320 pages, illustrations
The Pleistocene is the epoch of geologic time closest to our own. It’s a time of ice ages, global migrations, and mass extinctions – of woolly rhinos, mammoths, giant ground sloths, and not least early species of Homo. It’s the world that created ours.
But outside that environmental story there exists a parallel narrative that describes how our ideas about the Pleistocene have emerged. This story explains the place of the Pleistocene in shaping intellectual culture, and the role of a rapidly evolving culture in creating the idea of the Pleistocene and in establishing its dimensions. This second story addresses how the epoch, its Earth-shaping events, and its creatures, both those that survived and those that disappeared, helped kindle new sciences and a new origins story as the sciences split from the humanities as a way of looking at the past.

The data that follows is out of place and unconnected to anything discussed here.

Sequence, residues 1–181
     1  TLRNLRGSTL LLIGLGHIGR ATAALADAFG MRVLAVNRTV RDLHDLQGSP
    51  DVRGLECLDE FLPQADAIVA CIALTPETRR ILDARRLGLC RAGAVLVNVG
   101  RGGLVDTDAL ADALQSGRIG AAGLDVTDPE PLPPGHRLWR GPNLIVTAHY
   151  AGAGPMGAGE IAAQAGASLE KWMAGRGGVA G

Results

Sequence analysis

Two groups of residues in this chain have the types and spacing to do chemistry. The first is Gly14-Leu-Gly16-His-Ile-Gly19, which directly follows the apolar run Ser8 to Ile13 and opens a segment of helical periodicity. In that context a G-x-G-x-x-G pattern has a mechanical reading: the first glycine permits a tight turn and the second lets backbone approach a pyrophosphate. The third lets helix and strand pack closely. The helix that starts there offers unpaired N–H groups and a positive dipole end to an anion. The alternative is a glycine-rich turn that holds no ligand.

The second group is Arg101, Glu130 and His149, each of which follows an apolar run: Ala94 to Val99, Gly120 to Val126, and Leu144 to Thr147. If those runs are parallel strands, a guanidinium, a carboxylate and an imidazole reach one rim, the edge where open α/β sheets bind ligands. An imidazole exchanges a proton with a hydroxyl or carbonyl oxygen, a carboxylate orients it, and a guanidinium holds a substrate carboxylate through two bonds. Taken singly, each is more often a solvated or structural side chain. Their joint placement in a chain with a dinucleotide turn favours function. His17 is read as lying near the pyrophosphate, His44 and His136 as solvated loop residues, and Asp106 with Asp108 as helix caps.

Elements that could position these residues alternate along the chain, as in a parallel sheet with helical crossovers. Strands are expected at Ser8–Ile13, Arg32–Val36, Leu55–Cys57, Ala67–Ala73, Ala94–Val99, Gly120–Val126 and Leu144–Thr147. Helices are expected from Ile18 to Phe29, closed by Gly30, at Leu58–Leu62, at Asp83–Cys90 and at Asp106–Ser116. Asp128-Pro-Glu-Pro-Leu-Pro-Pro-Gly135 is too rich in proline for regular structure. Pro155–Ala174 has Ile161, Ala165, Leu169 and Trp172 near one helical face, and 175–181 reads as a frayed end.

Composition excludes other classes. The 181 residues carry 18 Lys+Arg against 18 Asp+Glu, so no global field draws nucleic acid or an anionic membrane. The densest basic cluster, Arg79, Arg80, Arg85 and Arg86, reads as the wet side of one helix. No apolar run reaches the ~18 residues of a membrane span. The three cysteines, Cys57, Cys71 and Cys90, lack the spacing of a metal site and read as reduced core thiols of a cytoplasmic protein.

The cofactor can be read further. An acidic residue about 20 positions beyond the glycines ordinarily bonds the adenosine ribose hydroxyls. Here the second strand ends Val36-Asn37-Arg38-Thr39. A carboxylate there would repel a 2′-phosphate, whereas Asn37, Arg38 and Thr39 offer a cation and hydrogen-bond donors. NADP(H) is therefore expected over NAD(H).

Ultimately, it is the story of how the dominant creature to emerge from the frost-and-fire world of the Pleistocene came to understand its place in the scheme of things. A remarkable synthesis of science and history, The Last Lost World describes the world that made our modern one.
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Lydia V. Pyne is a lecturer at Drexel University. She has an MA and PhD in the history and philosophy of science, and an MA degree in anthropology. Her father, Stephen J. Pyne, is a historian in the School of Life Sciences at Arizona State University. He is the award-winning author of Voyager, Year of the Fires, How the Canyon Became Grand and After Preservation.